“Well?” Sherlock asked.
“What am I doing here?” John asked him in a soft tone
“Helping me make a point,” Sherlock replied in the same tone.
“I’m supposed to be helping you pay the rent,” John reminded him.
“Yeah, well, this is more fun.”
“Fun?” John questioned, “There’s a woman lying dead.”
“Perfectly sound analysis, but I was hoping you’d go deeper,” Sherlock said.
“Sherlock, just shut up,” Harreitt told him.
Lestrade comes back into the room and stands just inside the doorway, and John drags his other leg down into a kneeling position and then leans forward to look more closely at the woman’s body. He puts his head close to hers and sniffs, then straightens a little before lifting her right hand and looking at the skin. He kneels up and looks across to Sherlock.
“Yeah ... Asphyxiation, probably. Passed out, choked on her own vomit. Can’t smell any alcohol on her. It could have been a seizure; possibly drugs,” John informed them.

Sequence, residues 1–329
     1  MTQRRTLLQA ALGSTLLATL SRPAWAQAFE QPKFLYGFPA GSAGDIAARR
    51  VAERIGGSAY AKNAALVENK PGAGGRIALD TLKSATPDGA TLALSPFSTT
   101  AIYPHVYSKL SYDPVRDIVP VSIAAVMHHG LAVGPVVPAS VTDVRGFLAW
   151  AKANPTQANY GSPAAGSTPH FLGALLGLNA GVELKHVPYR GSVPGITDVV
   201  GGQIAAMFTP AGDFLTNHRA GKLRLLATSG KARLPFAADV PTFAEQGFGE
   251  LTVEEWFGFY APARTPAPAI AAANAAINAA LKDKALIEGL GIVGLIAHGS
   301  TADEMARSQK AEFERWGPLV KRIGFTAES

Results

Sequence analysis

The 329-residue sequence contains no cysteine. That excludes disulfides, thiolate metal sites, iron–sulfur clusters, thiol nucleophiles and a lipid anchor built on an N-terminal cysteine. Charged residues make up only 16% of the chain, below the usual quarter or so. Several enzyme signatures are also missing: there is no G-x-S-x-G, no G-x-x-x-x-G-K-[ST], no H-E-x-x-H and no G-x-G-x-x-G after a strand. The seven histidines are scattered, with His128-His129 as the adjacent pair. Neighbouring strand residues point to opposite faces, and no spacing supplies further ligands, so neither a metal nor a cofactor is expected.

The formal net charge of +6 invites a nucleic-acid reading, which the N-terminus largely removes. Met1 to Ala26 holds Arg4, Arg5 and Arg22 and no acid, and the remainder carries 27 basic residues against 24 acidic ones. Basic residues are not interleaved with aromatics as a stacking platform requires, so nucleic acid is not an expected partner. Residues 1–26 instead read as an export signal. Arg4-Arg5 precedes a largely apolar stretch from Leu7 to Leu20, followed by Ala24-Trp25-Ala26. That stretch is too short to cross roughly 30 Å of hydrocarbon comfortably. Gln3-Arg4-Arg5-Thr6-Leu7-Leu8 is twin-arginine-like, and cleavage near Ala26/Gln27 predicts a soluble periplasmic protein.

“You know what it was. You’ve read the papers,” Sherlock pointed out.
“What, she’s one of the suicides? The fourth ...?”
“Sherlock – two minutes, I said. I need anything you’ve got,” Lestrade reminded him.
As Sherlock stands up, while John struggles to get to his feet and Harriett helps him, “Victim is in her late thirties. Professional person, going by her clothes; I’m guessing something in the media, going by the frankly alarming shade of pink. Travelled from Cardiff today, intending to stay in London for one night. It’s obvious from the size of her suitcase.”
“Suitcase?” Lestrade and Harriett questioned, as John looked around the room but couldn't see a suitcase anywhere.
“Suitcase, yes. She’s been married at least ten years, but not happily. She’s had a string of lovers but none of them knew she was married,” Sherlock clarified.
“Oh, for God’s sake, if you’re just making this up …” Lestrade complained with annoyance toward Sherlock.